I now have Bing set as my home page – I’ve adjusted my preferences to add my location and also my preferred language. It was simple to do and very effective (right there on the home page). Slowly Microsoft is responding to the customers needs and wants – that’s marketing. Everyday there’s a new image that loads, just this visual alone (IMO) is worth the switch. The results are good, the speed is on par with Google’s…
So what does it all boil down top? “Customer Experience”. Bing gets it because they understand marketing to the customer. Google remains an advertising company.
Friday, September 11, 2009
Effectively, there is no marketing. - It’s an advertising company.
And there you have it. Peer review and when something becomes “is of no interest” the product dies.
Thursday, September 10, 2009
Absolutely the browser is the future of mobile. The cost to build applications across multiple platforms is simply too high, takes to long and is risky. So what’s the first feature that the browser of the future needs?
Here’s a picture. Note the new menu option…
Tuesday, September 08, 2009
Saturday, September 05, 2009
Simply spot on. An excellent post. One part that stands out…
In most domains, talent is overrated compared to determination—partly because it makes a better story, partly because it gives onlookers an excuse for being lazy, and partly because after a while determination starts to look like talent.
Thursday, September 03, 2009
Totally agree with this blog post. What most people forget is how hard it is to really build a sustainable business. If you’re losing money every month then in reality you “may” not have something valuable. I use the word “may” here because of services like You Tube which do lose money every month yet people find it valuable. (Of course that begs the question would be prepared to pay for access to it?)
Bottom line – funding is a milestone and not a goal of any business – you should be focused on driving to “measurable, sustainable, profitable revenue from volume”. Anything less and the bar is still too low.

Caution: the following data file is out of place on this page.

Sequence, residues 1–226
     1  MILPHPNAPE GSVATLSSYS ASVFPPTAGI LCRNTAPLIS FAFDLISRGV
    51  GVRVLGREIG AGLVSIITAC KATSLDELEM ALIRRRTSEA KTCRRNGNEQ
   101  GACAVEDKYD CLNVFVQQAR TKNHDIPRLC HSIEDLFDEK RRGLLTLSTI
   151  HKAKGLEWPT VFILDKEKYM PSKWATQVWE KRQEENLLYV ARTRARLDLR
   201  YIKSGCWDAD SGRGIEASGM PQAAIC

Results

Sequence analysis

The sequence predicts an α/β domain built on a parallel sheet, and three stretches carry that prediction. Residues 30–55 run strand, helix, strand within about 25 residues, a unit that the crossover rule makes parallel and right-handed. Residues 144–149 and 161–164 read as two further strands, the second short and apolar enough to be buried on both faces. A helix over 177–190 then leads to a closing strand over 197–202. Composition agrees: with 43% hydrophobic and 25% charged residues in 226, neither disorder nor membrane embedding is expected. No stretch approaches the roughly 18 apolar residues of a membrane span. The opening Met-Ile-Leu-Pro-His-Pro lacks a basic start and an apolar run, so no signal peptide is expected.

Wednesday, September 02, 2009
Interesting post. Google had to completely re-write the codebase after the acquisition and has obviously had some problems. However this quote caught my eye… “FeedBurner, like many Google services, has no acceptable customer service mechanism.” This is where future problems arise as Google moves to a more consumer service web play. Algorithms can only go so far, after that you need humans to answer the phone.
Tuesday, September 01, 2009
This is a follow up to my “There’s an App for that” post. It’s becoming tougher everyday to build a sustainable business from mobile applications that don’t offer any real value.
I’ve been playing with a new iPhone now for a couple of weeks. I’ve purchased a few apps (total is $17.99) and I’m just about done buying apps. Virtually everything else I need to be productive is free.
Think about this for a moment – we don’t need any more apps because they’ve all been done. What does this mean for developer revenues? It means that they’re about to collapse.
Here’s the next problem – there are now 6 Smartphone players:
They all have stores – which means in short order there will be lots of free or virtually free apps. Give it 6 months and all the apps that are needed will be done.
Now what? If you’re a mobile developer what do you do next? How do you generate sustainable revenue?
The first wave of Mobile is coming to an end – the next wave is appearing on the horizon and it’s Mobile Cloud Computing aka Mobile SaaS.
It’s all about the meta data.